I have a great book a friend gave me when I first started professionally organizing (way after the days I was sorting the linen closet for my Mom at the age of eight). It is Peter Walsh’s book “It’s All Too Much”, which is a great tome to get a sense of why one holds onto ‘stuff’. It’s a well-written book and I often refer to it.
I look back at the heyday of “nesting” television as I call it, with fondness. TLC had me hooked on shows like Trading Spaces and Clean Sweep. Each week, on Clean Sweep, Peter Walsh went into someone’s very ‘stuffed’ home and helped them part with all sorts of things leading to a successful garage sale. It demonstrated, more than anything, the emotional value people placed on things that others would view as dust collectors.
The challenge for this project was helping a single Mom sort through accumulated piles of stuff in principal rooms and in storage areas. She recently became an empty nester, and also had left a job she held for years, thus giving her inspiration to have a close look at her nest, which she felt had been neglected far too long. It was time to examine piles of things that had been added to and left untouched for years. The guest bedroom had become a drop zone for personal files, gifts, projects for charities and items that were used on a seasonal basis. It was easy to close the door and keep it out of sight. Other areas had accumulated things that didn’t belong in that space, there were unfinished projects and she felt the basement storage areas needed to be overhauled and sorted. A flood had occurred a number of years ago during a busy part of the client’s life, which led to a hasty reorganization after repairs had been completed.
The goal was that the client wanted to bring more breathing space into her home both physically and emotionally. The constant reminders of piles of things and unfinished projects had taken its toll on this busy Mom. And Peter Walsh refers to these exact predicaments in his book.
In this situation the client was highly motivated to make changes. Often times, once an organizing project takes focus, I see a renewed energy in people and their desire to press on. I really believe when it comes to any large organizing project in a home that takes place on a number of different floors that complete focus is necessary. This can boil down to “lets work on these three boxes in this corner of the room for now”.
The client was surprised by how quickly we were able to empty the guest bedroom. The goal was to create a space where a house guest could stay overnight, as well as a storage area for charitable and holiday projects.
The basement storage, had become a catchall for old paint cans, broken things waiting for a rainy day to be repaired, sports equipment that no longer fit or was used, old toys, holiday items overstuffed in boxes, inherited items and more. Especially when it comes to children’s toys there is often a great deal of emotional attachment and enough time has passed where parents look at it as something that will be useful for grandchildren.
This excuse and other excuses to keep these things, which Peter Walsh highlights in his book, are familiar to all of us:
1. might need it one day 2. It’s too important to let go 3. It’s too overwhelming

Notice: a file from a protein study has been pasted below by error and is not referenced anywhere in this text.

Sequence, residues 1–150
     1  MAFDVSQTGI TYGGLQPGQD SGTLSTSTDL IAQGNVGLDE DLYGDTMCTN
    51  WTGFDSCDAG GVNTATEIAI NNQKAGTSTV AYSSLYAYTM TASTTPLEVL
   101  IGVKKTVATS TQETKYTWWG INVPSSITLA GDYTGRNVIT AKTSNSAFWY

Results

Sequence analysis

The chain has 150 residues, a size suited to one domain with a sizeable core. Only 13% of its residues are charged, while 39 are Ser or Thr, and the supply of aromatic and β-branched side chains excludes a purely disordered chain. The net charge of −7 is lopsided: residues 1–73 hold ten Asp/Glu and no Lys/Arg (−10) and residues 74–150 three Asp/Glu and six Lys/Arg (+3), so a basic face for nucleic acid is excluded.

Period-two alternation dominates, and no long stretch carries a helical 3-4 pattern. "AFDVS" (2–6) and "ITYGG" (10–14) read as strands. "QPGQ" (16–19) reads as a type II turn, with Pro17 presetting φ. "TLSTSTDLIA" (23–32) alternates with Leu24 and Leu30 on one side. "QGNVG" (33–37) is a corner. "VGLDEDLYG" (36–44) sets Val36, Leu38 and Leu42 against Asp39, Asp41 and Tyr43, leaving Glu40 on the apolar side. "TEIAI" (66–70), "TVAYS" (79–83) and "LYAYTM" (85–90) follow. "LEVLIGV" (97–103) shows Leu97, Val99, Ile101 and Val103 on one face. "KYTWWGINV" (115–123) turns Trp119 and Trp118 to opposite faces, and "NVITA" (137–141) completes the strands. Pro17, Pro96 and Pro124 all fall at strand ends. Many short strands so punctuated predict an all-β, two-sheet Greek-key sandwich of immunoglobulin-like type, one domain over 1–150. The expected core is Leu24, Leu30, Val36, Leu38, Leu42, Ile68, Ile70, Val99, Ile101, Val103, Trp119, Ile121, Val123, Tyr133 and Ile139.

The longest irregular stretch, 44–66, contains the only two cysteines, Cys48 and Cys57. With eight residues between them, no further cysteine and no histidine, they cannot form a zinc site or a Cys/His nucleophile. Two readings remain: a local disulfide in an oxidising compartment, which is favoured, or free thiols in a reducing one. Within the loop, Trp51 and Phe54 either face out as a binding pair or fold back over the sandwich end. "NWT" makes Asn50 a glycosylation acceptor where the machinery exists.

I might need it one day: The thing is, as Peter says, “clutter stops us from living in the present”. Thinking about and managing all that stuff that may be useful for a future path that is completely undetermined sure takes away from focusing on the now. I rarely watch Oprah, but I did see her one day talking about “living in the present”. It really stuck with me. There’s a lot of talk going on these days about mindfulness, which can come across as a little out there, but it does make sense. It is fine to have things that will help develop your future dreams, but it shouldn’t overcrowd who you are now.
It’s too important to let go: I totally agree with Peter in this area, in that if something is truly valuable for sentimental reasons it shouldn’t be holed up in a basement in a box with mildew around it gathering dust. You think you value it and out of a sense of obligation you have held onto it. Inherited items are another big issue I see. If the item doesn’t suit your lifestyle and really has no meaning other than the fact that it belonged to your parents, then it’s time to really evaluate.
It’s too overwhelming: In this project there were so many toys and games that had accumulated over time with pieces gone astray, Barbie clothes mixed in with doll clothes, miniscule little pieces for board games mixed in with Lego, Polly Pockets and more. This is where extra help can be especially useful. You can almost make it a game to sort through it all! I do believe in recycling as much as possible and most people see huge value in donating toys and games. It was simply a matter of putting Humpty Dumpty back together so decisions could easily be made. And yes, the Polly Pockets did stay but it was a trade off for donating many more other items to some great charities.
The bottom line is that this client got back behind the steering wheel when it came to her home. Rather than feeling overwhelmed and powerless when she came in the door, she felt in control and in a space where she relax and unwind.
Come back and visit to see the final photos of the guest bedroom!
WHAT THE CLIENT SAID “The speed at which we were able to make some significant changes to my home was surprising. Our combined efforts of sorting, packing and transporting items offsite for donating to friends and charity gave me an amazing amount of energy. The feelings of being frustrated and overwhelmed turned into feelings of mental clarity.”